The majority usage of ekklesia occurs in just three books, Acts (24x), 1 Corinthians (21x), and Revelation (19x) comprising over half of the overall occurrences. While the remaining uses throughout the New Testament are no less important, our initial focus will be on the majority report. If the foundation of ekklesia in the New Testament was laid by our Lord in Matthew’s gospel, then the Book of Acts builds directly upon this foundation by picking up immediately with His disciples after His ascension. Therefore, by turning to Acts we get an expanded picture of the ekklesia that our Lord was building. While many commentators note that the New Testament ekklesia was first built at Pentecost (Acts 2), we must not neglect the fact of our Lord’s little ekklesia that He built with His disciples. It is noteworthy that this “first” ekklesia was comprised of 12 Jewish disciples, indicating a regathering of Israel (Twelve tribes). This point aside, the first official use of ekklesia in Acts occurs in Acts 2:47 KJV (Note: this is a textual variant and this usage does not occur in all English translations),
46 And they, continuing daily with one accord in the temple, and breaking bread from house to house, did eat their meat with gladness and singleness of heart, 47 Praising God, and having favour with all the people. And the Lord added to the church daily such as should be saved.Acts 2:46-47 KJVFor context, we ought again to note that Christ’s ekklesia, which began with that little band of disciples, had itself grown after His death and ascension to number around 120 (Acts 1:15). This passage supports our assertion earlier that Christ had indeed built a foundational ekklesia with His disciples and then through the miraculous saving act of the Spirit at Pentecost 3000 souls were added, along with those whom the Lord added daily. Technically speaking, the church, i.e. ekklesia, did not begin at Pentecost, but rather with our Lord. Here, however, we have clearly in view the ekklesia of Jerusalem, local and geographically confined. Many have wrestled over the large number and then questioned how so many could gather together in one place, often using it for justification as the first example of a mega-church. However, this line of questioning misses the point of the establishment Christ’s ekklesia in Jerusalem from where the Gospel would spread as He had prophesied (Acts 1:8). The reference to the Jerusalem ekklesia naturally comprises a significant amount of the occurrences in Acts as it is from here that the gospel spreads from to Judea, Samaria, and to the end of the earth (5:11; 8:1; 8:3; 11:22; 12:1; 12:5; 15:4; 15:22).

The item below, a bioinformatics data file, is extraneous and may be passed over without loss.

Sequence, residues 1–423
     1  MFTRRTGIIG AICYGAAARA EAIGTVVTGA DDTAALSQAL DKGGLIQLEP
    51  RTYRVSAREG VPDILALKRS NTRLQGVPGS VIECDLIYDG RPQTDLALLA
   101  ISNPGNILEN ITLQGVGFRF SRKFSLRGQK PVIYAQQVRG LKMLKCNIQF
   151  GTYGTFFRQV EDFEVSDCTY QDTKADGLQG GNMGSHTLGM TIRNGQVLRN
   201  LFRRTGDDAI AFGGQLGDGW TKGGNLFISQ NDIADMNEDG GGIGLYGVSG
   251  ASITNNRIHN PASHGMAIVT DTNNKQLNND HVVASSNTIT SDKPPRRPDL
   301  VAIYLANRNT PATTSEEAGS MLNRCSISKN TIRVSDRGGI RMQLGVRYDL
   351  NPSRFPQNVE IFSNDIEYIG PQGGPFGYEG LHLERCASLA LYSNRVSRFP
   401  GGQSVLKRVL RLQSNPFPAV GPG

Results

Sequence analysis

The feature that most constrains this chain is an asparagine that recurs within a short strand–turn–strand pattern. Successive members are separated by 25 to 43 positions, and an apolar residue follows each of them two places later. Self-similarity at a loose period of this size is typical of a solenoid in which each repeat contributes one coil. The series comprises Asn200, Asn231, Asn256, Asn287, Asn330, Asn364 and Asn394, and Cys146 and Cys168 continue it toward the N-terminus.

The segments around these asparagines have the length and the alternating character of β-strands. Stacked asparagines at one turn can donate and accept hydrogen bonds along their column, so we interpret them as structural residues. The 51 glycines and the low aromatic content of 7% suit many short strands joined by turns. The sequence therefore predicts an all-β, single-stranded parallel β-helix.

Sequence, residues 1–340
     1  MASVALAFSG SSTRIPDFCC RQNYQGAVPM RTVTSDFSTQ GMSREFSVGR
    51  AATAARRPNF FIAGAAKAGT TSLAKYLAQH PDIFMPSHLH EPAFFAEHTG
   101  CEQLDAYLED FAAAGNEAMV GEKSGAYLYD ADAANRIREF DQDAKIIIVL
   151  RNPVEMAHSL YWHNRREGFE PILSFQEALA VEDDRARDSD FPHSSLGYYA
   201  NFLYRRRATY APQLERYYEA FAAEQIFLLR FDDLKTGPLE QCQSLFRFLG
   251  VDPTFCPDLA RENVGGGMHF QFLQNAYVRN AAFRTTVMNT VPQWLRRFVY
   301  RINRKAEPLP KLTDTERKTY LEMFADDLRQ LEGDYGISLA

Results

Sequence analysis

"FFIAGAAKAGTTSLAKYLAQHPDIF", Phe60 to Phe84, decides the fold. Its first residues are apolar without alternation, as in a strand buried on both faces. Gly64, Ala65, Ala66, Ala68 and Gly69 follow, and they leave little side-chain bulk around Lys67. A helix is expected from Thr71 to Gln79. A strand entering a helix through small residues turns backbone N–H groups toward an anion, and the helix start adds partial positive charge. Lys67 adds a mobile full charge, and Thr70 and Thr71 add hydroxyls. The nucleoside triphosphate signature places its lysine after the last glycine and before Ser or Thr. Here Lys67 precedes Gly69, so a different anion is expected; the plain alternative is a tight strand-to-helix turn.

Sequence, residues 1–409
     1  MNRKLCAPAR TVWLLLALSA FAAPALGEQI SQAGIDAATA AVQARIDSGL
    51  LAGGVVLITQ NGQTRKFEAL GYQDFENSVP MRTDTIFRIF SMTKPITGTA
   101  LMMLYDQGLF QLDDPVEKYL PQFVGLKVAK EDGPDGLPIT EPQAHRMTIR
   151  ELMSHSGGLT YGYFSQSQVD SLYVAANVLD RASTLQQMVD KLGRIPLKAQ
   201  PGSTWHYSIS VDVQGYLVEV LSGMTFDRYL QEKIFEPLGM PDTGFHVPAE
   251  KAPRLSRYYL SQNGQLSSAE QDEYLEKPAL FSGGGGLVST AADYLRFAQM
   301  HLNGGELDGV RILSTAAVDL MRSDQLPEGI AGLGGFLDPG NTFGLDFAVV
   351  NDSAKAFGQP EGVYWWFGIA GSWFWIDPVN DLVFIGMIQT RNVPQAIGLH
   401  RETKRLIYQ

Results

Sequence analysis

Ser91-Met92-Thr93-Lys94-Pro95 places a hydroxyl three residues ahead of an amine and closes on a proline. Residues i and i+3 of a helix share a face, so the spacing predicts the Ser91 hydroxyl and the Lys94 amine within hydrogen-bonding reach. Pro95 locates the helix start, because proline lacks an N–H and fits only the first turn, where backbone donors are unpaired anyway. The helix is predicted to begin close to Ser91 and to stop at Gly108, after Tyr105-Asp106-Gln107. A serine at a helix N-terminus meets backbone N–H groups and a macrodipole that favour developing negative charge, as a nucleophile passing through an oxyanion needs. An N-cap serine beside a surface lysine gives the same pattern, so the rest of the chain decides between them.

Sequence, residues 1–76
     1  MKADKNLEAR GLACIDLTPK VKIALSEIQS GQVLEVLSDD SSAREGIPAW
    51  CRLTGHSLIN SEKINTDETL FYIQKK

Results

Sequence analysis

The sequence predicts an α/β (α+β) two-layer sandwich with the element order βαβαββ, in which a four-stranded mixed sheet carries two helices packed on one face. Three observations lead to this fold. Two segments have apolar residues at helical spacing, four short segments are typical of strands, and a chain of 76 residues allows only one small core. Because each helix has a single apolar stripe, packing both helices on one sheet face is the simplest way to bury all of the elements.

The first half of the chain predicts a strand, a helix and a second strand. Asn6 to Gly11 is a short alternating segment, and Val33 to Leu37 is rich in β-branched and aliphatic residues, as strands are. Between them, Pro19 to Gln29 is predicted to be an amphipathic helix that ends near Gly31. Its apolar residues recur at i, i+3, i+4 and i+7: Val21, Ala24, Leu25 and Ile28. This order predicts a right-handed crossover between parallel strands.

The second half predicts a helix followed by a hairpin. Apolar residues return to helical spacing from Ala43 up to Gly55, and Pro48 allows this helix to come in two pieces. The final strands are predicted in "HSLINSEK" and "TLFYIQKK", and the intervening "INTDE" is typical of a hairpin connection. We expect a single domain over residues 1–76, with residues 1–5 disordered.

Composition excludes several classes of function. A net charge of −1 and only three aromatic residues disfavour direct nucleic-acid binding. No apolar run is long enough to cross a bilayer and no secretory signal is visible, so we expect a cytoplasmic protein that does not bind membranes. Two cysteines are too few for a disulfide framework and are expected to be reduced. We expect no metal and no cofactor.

In summarizing the other uses of ekklesia in the Book of Acts, we note first Acts 7:38 occurring within the speech of Stephen with a specific reference to the church in the wilderness, i.e. Israel. This supports our earlier evidence that ekklesia is not a new term or concept used to describe a gathering or assembly. Instead, ekklesia is now in Christ as it is His ekklesia. We ought also to remember the clear difference taking place as noted in the passage from Acts 2:42ff.
Additionally, in Acts we find several instances of ekklesia used in the plural (9:31; 14:23; 15:41; 16:5; 19:37) indicating that there is not a single church (ekklesia) present and active on the earth at one time, rather there are multiple churches and they occur in a specific geographic location. Furthermore, these other churches mentioned were not in an ecclesiastical hierarchy with the aforementioned church of Jerusalem. Instead, they were each local and independent.